Claudia Paz y Paz is a criminal law specialist and human rights activist who has worked tirelessly for over 18 years, rebuilding the justice system in Guatemala. She was the country’s Attorney General from 2010 to 2014, giving long-lost hope for justice to the people who suffered so much.
Born in 1967, she comes from a country known for its banana exports, its deep inequalities and the appalling violence that has torn it apart for more than half a century. A country of modest size, but great in its men and women who strive for justice and peace, like Rigoberta Menchú, 1992 Nobel Peace Prize Laureate.
Guatemala is the Central American country with the highest percentage of indigenous population (up to 60%, according to some sources). In this country of 17 million inhabitants that is slightly larger than Portugal, there are 20 indigenous peoples. The civil war that ravaged the country between 1962 and 1996 caused the death of approximately 200,000 people, the vast majority of whom were indigenous. Most were killed during the peak of violence between 1981 and 1983. According to research conducted by the Historical Clarification Commission (CEH), more than 90% of the violations were committed by state forces and more than 80% of the victims were indigenous.
As a young lawyer, Claudia Paz y Paz was inspired by Catholic bishop Juan José Gerardi. This great defender of human rights and Mayan indigenous peoples, assassinated by the army in 1988, remains a source of awe to her today. “I belong to a generation born during the war that grew up without role models, because most intellectuals and opposition members were either assassinated or exiled,” she explains, referring to her first steps as a human rights activist.
"There were hundreds of thousands of refugees fleeing their destroyed villages in the country and in Mexico. People were afraid to testify about what they had suffered. It was too recent,” she recalls. This courageous and humble woman believes strongly in the importance of defending human rights. Along the way, she met other men and women who supported her in this struggle, giving her strength to face injustice.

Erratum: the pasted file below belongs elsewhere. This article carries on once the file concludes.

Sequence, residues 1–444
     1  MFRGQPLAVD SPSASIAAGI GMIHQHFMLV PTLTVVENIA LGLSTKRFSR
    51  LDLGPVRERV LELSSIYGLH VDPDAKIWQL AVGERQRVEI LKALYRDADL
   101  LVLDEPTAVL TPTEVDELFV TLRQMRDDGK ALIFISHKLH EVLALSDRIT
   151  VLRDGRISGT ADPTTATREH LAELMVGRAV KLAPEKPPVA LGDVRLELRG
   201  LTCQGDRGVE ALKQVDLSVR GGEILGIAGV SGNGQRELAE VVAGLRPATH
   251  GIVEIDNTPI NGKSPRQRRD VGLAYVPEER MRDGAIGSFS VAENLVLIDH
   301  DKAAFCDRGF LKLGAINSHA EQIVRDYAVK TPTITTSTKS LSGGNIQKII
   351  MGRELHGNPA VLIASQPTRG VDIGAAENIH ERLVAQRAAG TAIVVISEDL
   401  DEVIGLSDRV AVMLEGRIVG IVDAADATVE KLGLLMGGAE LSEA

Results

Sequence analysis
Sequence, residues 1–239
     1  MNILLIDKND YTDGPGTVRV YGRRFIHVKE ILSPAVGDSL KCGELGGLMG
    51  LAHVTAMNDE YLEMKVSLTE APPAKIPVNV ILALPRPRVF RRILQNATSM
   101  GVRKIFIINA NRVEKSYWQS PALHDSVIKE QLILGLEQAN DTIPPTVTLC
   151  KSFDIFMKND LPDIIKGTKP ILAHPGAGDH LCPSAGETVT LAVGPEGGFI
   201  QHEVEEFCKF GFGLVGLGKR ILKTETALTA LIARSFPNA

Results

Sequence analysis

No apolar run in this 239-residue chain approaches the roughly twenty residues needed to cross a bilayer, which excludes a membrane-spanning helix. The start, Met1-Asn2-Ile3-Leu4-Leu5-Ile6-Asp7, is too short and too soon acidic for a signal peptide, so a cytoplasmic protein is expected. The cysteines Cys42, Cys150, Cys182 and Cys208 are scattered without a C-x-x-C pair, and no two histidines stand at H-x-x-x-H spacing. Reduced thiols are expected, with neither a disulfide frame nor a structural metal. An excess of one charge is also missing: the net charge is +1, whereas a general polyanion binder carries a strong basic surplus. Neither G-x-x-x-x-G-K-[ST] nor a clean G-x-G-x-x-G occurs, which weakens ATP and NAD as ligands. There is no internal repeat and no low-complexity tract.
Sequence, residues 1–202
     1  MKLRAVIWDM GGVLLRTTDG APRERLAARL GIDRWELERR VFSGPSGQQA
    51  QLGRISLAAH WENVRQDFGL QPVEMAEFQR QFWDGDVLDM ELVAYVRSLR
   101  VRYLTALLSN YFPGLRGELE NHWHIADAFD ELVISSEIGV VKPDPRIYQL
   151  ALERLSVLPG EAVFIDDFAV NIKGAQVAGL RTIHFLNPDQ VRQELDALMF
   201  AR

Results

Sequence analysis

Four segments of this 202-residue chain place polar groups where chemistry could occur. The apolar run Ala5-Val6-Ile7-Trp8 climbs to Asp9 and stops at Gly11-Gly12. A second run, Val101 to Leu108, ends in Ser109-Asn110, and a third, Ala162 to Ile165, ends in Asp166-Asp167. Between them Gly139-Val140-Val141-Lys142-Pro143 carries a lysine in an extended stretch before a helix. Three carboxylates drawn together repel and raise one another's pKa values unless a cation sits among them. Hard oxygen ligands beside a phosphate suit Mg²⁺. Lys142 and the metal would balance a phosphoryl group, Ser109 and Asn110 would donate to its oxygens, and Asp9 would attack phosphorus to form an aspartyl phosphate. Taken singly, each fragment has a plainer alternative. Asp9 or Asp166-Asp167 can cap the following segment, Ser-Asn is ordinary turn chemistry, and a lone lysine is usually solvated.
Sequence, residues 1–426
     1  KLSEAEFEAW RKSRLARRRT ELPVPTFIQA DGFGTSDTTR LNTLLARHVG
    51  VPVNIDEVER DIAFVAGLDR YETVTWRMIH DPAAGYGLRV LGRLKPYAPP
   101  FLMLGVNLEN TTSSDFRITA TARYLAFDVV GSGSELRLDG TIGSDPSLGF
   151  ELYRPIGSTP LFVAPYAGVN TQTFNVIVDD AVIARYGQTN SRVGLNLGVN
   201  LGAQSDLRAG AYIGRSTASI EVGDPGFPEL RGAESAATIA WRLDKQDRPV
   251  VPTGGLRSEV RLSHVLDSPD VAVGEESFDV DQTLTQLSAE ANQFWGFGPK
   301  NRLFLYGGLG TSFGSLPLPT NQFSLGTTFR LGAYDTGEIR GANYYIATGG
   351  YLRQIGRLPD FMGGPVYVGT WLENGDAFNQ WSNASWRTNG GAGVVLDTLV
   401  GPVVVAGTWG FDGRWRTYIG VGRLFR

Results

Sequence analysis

As former Attorney General of Guatemala – the first female one, too – she holds several records, including having five of the ten most wanted criminals in her country arrested during her tenure. She has also helped to drastically reduce the rates of homicides and violence against women. In recent years, however, those grim rates have been on the rise again.
In December 2011, International Crisis Group and Secretary of State Hilary Clinton honored Claudia Paz y Paz along with three other women in recognition of her dedication to promoting peace and justice in the most war-affected regions of the world. And in 2012, the Forbes magazine named her one of the “Five Most Powerful Women Changing the World”. She was also considered a candidate for the 2013 Nobel Peace Prize in 2013.
Her investigation of several criminal cases in Guatemala was a constant fight. She distinguished herself by prosecuting the perpetrators of the Dos Erres massacre, sentenced to life in prison for genocide and crimes against humanity in 2013, and the former leader of the country, Efraín Ríos Montt, responsible for multiple atrocities and human rights violations, primarily the “scorched earth” policy that resulted in the destruction of 440 villages and the death of 200,000 Mayans, massacred or thrown from helicopters into the Pacific Ocean.